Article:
I’d seen some stuff floating around about Friends from College, and it wasn’t really positive. Yet after seeing Keegan-Michael Key promote it on Stephen Colbert’s late night show, I decided to give it a go. After all, the show has some major faces. Key himself is well-known from Key and Peele, and the show also stars Colbie Smulders (who we all know as Robin) and features Billy Eichner (who plays the very special Craig on Parks and Rec). But ultimately, a good cast doesn’t save unlikeable characters. Spoiler-free account, as usual. 

The show is quick to throw us into the mix. Ethan (Keegan Michael-Key) and Sam (Annie Parisse) are friends from college, and they’ve been having sex for the past twenty years. Meanwhile, Ethan is married to their mutual friend (also from college), Lisa (Colbie Smulders). Their affair has been going smoothly for two decades, until Ethan and Lisa decide to move back to New York, where Sam and their two other friends Max (Fred Savage) and Marianne (Jae Suh Park) live. The move makes it harder for Ethan to mask his affair, and complicates everyone’s lives immensely. The story tries to feature other narratives, like Ethan writing a YA-novel, but it’s centered around Ethan and Sam’s affair.

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To start off, I don’t want to say the show is bad. In fact, I’d say it’s an honest perspective of relationships. When it comes to both friends and romance, in reality there’s no moral black and white. Our friends, even from way back, aren’t necessarily the best people. Our relationships to them aren’t necessarily healthy. But watching a show about people who bring out the absolute worst in each other is not that entertaining. I sometimes found myself hate-watching.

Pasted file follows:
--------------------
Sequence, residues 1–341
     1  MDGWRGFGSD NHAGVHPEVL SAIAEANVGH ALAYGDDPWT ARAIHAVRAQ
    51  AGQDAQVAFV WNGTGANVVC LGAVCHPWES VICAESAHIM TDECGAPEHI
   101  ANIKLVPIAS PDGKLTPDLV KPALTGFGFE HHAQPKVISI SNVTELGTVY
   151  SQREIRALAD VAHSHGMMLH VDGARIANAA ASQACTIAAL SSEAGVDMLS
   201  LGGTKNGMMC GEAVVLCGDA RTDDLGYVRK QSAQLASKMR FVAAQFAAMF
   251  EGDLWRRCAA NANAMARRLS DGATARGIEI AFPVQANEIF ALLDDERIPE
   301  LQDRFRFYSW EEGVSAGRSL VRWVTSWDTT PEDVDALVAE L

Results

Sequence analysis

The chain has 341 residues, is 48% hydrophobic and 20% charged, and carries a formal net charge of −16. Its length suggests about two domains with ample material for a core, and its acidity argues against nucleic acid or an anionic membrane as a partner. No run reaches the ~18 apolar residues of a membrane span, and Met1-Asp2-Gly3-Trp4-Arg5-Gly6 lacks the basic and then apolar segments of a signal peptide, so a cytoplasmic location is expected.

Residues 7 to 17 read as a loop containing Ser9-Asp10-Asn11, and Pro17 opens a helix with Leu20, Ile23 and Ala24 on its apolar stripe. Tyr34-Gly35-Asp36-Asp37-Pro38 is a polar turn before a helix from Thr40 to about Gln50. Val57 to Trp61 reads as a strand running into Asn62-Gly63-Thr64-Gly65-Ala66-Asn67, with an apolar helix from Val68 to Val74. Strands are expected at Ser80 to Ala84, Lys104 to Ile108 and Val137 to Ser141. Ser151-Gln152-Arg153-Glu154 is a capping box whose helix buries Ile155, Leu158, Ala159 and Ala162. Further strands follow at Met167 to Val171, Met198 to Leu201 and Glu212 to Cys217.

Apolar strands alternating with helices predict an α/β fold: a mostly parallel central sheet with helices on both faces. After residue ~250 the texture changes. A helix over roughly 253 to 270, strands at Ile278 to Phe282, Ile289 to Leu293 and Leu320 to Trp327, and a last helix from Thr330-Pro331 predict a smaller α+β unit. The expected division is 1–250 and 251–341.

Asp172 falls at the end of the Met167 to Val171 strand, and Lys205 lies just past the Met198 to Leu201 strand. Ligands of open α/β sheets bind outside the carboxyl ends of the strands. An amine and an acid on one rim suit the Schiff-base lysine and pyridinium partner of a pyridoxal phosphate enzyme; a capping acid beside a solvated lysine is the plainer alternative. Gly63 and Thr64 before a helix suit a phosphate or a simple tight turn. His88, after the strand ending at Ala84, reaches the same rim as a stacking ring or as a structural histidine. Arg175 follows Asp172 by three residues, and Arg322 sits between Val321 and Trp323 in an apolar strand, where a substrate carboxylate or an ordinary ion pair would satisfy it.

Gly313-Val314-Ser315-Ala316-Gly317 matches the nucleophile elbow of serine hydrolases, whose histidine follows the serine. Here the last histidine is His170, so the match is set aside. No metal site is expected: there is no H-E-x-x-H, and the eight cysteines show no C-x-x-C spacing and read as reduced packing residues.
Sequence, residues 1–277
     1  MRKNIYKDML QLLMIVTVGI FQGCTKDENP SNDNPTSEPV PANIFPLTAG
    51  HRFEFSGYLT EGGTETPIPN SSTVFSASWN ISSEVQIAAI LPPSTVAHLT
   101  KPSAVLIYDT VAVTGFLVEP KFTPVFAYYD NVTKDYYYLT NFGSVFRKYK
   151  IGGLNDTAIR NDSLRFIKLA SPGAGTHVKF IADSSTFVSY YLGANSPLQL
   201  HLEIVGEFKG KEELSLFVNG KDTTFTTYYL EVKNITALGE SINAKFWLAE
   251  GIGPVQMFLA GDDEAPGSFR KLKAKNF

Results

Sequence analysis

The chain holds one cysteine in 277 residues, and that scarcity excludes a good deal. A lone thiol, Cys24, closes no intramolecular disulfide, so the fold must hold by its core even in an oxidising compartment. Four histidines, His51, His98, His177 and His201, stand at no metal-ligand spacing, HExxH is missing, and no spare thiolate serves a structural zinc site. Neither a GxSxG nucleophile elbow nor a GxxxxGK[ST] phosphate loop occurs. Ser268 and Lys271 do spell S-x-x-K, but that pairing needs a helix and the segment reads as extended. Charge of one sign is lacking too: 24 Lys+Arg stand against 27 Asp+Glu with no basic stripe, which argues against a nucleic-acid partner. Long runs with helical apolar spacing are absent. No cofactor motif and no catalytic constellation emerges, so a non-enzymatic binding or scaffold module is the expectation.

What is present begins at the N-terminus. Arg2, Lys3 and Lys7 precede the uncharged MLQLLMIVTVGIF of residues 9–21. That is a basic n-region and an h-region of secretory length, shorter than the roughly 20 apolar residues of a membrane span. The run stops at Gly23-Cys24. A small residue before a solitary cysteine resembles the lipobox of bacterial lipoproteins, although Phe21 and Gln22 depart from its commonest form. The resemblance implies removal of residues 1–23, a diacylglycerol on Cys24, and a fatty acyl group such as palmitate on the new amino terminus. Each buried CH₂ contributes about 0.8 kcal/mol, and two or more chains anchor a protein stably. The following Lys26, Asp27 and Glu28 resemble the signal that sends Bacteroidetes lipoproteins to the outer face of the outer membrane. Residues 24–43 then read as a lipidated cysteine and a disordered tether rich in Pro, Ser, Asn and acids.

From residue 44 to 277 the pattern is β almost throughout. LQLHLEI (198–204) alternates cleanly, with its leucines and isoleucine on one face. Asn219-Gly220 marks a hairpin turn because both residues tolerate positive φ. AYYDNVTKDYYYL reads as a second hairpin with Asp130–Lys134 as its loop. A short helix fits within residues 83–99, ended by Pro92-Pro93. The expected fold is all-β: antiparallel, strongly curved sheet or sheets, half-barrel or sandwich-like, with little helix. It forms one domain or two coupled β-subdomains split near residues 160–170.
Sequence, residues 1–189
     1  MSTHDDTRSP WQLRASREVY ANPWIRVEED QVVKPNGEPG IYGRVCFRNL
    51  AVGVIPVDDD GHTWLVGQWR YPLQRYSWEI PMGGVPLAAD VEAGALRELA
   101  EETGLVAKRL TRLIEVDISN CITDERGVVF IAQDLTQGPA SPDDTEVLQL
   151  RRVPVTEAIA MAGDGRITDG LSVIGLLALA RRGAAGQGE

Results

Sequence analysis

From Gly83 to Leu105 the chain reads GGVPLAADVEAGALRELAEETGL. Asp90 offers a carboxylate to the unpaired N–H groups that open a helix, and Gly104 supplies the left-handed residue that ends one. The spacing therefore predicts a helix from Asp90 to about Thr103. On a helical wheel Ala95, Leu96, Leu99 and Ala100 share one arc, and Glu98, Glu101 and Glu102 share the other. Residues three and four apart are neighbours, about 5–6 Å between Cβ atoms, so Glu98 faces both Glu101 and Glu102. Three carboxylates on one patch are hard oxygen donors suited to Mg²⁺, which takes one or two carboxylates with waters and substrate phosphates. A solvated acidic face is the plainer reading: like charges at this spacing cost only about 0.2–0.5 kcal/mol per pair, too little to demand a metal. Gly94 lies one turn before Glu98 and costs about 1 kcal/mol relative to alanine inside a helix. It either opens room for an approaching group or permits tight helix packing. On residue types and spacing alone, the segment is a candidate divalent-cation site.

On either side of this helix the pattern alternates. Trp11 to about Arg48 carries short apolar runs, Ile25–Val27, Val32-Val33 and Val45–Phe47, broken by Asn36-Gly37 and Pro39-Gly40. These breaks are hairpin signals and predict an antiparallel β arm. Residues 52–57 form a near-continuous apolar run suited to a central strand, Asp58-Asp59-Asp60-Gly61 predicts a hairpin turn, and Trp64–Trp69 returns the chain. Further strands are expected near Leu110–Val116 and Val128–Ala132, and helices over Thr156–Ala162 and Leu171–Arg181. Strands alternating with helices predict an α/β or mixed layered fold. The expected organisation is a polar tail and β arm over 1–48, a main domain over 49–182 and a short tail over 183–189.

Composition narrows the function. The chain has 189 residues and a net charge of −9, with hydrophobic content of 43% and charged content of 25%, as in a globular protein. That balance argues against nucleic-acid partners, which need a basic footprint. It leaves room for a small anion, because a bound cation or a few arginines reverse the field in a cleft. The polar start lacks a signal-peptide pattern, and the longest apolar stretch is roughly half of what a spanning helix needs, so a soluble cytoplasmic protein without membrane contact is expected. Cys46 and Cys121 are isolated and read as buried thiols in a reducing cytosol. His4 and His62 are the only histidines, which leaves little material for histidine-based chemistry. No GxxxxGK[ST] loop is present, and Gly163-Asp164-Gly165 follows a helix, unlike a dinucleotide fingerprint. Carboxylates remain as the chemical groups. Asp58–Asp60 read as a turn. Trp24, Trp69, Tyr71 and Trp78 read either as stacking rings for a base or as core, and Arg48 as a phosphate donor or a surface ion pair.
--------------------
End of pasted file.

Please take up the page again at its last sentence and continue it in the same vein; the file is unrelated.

Because it’s not your run of the mill story of cheating either – we don’t get the one-sided, “they’re meant for each other but with the wrong people” sort of tale. Sure, there’s a bit of that, but we follow Lisa too and see a woman who’s in love with her husband, and just trying to figure out what’s wrong with her marriage. She goes through a lot in the course of eight episodes, but Ethan is barely there for her. Maybe the show is trying to give us the “strong, loving woman is cheated on by jerk, gets past it and gets out stronger”-type of narrative, but since so much of the show is focused on Ethan, it just feels sad. Not only does Ethan’s cheating lead to problems, but it seems that the mere phenomenon of these people spending time together effectively destroys all post-college relationships they might have. Cause that’s what nostalgia does, right?! …Right. The show is listed as a comedy but I can’t say I found it particularly amusing. A more accurate label, in my view, would be drama with a handful of funny scenes.

The show’s acting is fine, and it’s nice to see Colbie Smulders again. I don’t think any of the actors are at fault for their unlikeable characters, and sometimes bad writing. I think Keegan-Michael Key is a good actor, but Ethan’s actions (the immoral ones as well as his “nervous tick” of making annoying voices) aren’t redeemed by the fact that they’re well-acted.

If you’re desperate for something to watch, you can plow through the show quickly – the eight episodes are only 30 minutes each. But if you have spare time and Netflix, I’d opt for another show – Friends from College leaves you feeling kind of empty and sad for everyone involved in the ordeal. Most of all, you hope that your own friends don’t turn out to be destructive assholes in 20 years.

Friends from College is available on Netflix.

I know this is a quick review, but I honestly don’t have a lot to say about the show, except that it’s probably not worth your time.

Thanks for reading!

xoxo,

Mel